In the world of website design, the importance of microcopy often goes unnoticed. It is the little details, the tiny pieces of text, that can make all the difference in a user’s experience. Buttons, in particular, are the unsung heroes of microcopy. They are the gatekeepers to the rest of your website, and the text you choose to put on them can either make or break a user’s journey.
However, the art of writing engaging button text is often overlooked. Most websites settle for generic, uninspiring text like “Submit” or “Sign Up.” But the truth is, with a little effort and creativity, you can turn your buttons into powerful conversion tools. In this article, we will explore the different types of buttons and how to write button text that engages, informs, and converts.
Call-to-Action (CTA) Buttons
Making the Ask: Tips for Writing Compelling CTA Buttons
A call-to-action (CTA) button is the most crucial type of button on your website. It is the bridge between your visitors and your desired outcome, whether it be a purchase, sign-up, or download. To write an effective CTA button, you need to make the ask clear and compelling. Here are some tips:
- Be specific and concise. A CTA button should clearly state what action the user will take, without any ambiguity. For example, instead of “Sign Up Now,” try “Sign Up for Free Access.”
- Use action-oriented language. Words like “Get,” “Start,” or “Join” convey a sense of urgency and encourage users to take action.
- Make it personal. A CTA button is a request from you to the user, so make it feel that way. Use “My,” “Our,” or “Your” to create a personal connection.
- Add a sense of urgency. Use language that communicates the time sensitivity of the offer, such as “Limited Time Offer” or “Get It Now.”
Example: “Get Your Free Trial Now”
Counterargument: “Why not just use a simple ‘Sign Up’ button?”
While a simple “Sign Up” button may seem like the safer choice, it lacks the specificity and urgency of a well-crafted CTA button. By using action-oriented language and adding a sense of urgency, you can increase the likelihood that a user will take the desired action.
Navigating with Purpose: Writing Clear Navigation Buttons
Navigation buttons are the backbone of your website. They guide users from one page to another and determine the overall structure of the user’s journey. Writing clear, concise navigation buttons is crucial for a positive user experience. Here are some tips:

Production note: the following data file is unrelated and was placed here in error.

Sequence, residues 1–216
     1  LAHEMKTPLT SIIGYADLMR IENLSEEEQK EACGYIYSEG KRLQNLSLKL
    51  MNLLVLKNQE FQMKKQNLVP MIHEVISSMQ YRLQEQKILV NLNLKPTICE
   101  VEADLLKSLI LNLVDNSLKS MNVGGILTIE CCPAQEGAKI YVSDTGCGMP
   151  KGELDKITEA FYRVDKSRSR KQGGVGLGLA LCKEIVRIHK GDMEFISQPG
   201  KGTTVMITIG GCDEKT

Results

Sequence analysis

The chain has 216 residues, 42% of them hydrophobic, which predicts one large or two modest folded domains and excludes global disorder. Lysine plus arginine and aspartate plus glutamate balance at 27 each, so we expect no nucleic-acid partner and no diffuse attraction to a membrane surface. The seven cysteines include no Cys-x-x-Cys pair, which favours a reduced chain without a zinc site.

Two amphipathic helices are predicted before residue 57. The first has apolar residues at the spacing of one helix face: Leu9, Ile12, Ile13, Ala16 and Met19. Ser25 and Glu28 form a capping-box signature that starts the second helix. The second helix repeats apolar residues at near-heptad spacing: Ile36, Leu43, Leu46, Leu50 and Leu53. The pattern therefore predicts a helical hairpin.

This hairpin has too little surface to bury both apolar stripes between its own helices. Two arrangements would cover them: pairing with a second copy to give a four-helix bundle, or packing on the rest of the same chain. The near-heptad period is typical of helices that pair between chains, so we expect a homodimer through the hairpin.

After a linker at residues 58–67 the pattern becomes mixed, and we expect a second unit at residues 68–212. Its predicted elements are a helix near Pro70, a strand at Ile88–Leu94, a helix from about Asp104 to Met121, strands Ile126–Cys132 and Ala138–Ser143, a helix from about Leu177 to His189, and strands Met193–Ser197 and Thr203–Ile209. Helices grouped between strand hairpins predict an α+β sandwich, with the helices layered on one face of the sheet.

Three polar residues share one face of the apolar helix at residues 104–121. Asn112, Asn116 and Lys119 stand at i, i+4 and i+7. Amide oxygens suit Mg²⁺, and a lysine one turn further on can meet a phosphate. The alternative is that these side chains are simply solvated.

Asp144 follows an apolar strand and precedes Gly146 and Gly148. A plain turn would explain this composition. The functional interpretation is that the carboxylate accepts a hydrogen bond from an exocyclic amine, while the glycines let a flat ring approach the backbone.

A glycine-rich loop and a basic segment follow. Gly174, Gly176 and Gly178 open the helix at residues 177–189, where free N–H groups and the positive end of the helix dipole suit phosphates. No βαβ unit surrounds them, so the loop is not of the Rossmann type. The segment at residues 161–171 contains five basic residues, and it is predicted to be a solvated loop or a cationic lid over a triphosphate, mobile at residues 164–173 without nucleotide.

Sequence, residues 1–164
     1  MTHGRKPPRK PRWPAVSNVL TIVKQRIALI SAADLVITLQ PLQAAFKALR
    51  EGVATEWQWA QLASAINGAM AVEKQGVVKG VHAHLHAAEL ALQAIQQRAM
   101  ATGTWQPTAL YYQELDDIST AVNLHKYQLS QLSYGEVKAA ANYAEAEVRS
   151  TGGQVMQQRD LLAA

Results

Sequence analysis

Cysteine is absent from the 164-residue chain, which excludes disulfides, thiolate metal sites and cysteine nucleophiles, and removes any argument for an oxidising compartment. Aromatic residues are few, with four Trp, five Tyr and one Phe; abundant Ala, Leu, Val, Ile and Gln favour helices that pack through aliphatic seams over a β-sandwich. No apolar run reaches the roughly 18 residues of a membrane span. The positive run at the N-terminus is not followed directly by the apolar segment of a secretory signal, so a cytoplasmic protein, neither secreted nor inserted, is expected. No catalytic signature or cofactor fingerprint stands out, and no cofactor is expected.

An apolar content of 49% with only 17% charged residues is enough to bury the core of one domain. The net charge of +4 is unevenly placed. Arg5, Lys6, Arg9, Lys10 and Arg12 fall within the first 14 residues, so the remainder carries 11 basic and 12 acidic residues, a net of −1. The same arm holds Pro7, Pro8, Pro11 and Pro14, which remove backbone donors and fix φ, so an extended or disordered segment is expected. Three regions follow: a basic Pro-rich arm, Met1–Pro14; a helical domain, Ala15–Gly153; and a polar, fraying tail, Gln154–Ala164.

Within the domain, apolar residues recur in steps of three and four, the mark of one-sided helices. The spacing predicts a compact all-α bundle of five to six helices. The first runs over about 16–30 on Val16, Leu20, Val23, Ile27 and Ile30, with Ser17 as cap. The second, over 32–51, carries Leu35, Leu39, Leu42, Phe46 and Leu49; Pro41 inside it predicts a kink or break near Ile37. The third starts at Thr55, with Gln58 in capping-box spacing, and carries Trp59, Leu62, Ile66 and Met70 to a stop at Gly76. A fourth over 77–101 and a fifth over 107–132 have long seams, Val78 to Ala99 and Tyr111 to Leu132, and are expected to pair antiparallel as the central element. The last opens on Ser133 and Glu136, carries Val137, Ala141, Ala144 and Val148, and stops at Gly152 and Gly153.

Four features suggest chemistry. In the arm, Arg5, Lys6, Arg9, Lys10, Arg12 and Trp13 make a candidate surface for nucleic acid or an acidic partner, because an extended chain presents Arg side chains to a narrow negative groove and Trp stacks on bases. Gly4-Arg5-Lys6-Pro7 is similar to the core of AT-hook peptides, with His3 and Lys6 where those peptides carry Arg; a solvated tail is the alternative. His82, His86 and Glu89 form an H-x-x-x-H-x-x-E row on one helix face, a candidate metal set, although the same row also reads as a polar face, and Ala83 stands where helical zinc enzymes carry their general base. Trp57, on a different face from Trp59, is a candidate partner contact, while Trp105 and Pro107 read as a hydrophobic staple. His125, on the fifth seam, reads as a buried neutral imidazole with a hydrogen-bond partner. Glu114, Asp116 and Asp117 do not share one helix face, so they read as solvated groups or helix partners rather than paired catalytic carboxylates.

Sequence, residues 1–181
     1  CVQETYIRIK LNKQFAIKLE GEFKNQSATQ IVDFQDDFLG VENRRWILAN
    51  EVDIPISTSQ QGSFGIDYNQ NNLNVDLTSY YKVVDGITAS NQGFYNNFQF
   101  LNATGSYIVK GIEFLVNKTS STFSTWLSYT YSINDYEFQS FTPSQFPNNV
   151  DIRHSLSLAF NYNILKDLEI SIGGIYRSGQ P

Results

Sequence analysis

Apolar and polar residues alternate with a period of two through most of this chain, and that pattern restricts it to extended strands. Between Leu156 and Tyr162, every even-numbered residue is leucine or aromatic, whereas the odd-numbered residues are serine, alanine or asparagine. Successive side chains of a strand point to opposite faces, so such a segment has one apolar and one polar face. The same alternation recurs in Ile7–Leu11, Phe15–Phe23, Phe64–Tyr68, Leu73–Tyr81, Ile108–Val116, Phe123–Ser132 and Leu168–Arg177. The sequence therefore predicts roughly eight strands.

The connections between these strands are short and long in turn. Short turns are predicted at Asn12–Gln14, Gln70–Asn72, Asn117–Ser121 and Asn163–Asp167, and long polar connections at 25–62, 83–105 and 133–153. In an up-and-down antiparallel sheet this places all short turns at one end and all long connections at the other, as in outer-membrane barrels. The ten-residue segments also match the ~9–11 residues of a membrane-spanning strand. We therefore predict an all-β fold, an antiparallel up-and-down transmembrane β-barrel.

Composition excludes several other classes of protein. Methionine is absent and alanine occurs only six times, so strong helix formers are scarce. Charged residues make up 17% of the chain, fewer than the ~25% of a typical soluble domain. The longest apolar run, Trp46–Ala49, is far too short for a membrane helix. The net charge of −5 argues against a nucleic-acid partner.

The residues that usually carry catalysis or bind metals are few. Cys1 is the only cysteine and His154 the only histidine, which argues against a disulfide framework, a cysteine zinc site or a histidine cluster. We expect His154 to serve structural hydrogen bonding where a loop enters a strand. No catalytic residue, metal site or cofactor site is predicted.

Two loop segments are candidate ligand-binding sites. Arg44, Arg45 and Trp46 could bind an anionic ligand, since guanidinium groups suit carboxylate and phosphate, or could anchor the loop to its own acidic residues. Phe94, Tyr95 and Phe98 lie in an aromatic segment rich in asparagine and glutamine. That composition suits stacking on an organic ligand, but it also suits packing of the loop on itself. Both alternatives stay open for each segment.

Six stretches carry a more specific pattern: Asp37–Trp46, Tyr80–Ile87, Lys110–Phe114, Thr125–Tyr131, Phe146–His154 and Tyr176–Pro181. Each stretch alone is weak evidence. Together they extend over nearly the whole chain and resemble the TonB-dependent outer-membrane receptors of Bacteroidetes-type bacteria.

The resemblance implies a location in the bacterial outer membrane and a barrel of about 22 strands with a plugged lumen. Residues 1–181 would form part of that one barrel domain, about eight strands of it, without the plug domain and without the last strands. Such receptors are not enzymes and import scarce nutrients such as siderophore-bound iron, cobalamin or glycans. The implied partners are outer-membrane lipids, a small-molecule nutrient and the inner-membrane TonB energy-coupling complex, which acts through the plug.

- Keep it simple. Navigation buttons should state the destination of the link, without any added fluff.
- Use clear and descriptive language. Instead of “Services,” try “Our Services and Products.”
- Consider the hierarchy. The language you use for navigation buttons should reflect the hierarchy of your website. The most important pages should have the most prominent buttons.
Example: “Explore Our Products”
Counterargument: “Why not use icons instead of text for navigation buttons?”
While icons can be useful visual aid, they should never be used in place of text. Icons can be unclear and lack context, leaving users confused about where they will be taken if they click the button. Text, on the other hand, provides clear and concise information, leaving no room for confusion. Furthermore, not all users will understand the meaning of icons, making the text the most universally accessible form of navigation.
Making Sure: Writing Confirmatory Buttons that Command Attention
Confirmatory buttons serve an important purpose: they ensure that the user intends to take a specific action. These buttons are often used in forms, pop-ups, and modals to confirm a user’s decision before submitting. Writing clear and attention-grabbing confirmatory buttons is key to preventing accidental submissions and minimizing user errors. Here are some tips:
- Make the action clear. Confirmatory buttons should clearly state what action the user is about to take. For example, instead of “OK,” try “Delete Item.”
- Use contrasting colors. Confirmatory buttons should stand out from the rest of the design to command attention and prevent accidental clicks.
- Avoid using negative language. Words like “No,” “Cancel,” or “Stop” can be confusing and increase the likelihood of user error.
Example: “Confirm Purchase”
Counterargument: “Why not just use a simple ‘Yes’ or ‘No’ confirmatory button?”
While “Yes” or “No” buttons may seem like a simple solution, they lack the specificity and attention-grabbing power of a well-crafted confirmatory button. By clearly stating the action the user is about to take and using contrasting colors, you can reduce the likelihood of user error and ensure that the user fully understands the consequences of their decision.
In the End
Writing engaging microcopy for your website is a crucial aspect of design. Whether it’s a CTA button, navigation button, or confirmatory button, the text you choose can make a big impact on the user’s experience. By following the tips and examples outlined in this article, you can turn your buttons into powerful conversion tools that engage, inform, and convert. So go ahead, get creative, and start writing button text that your users will love!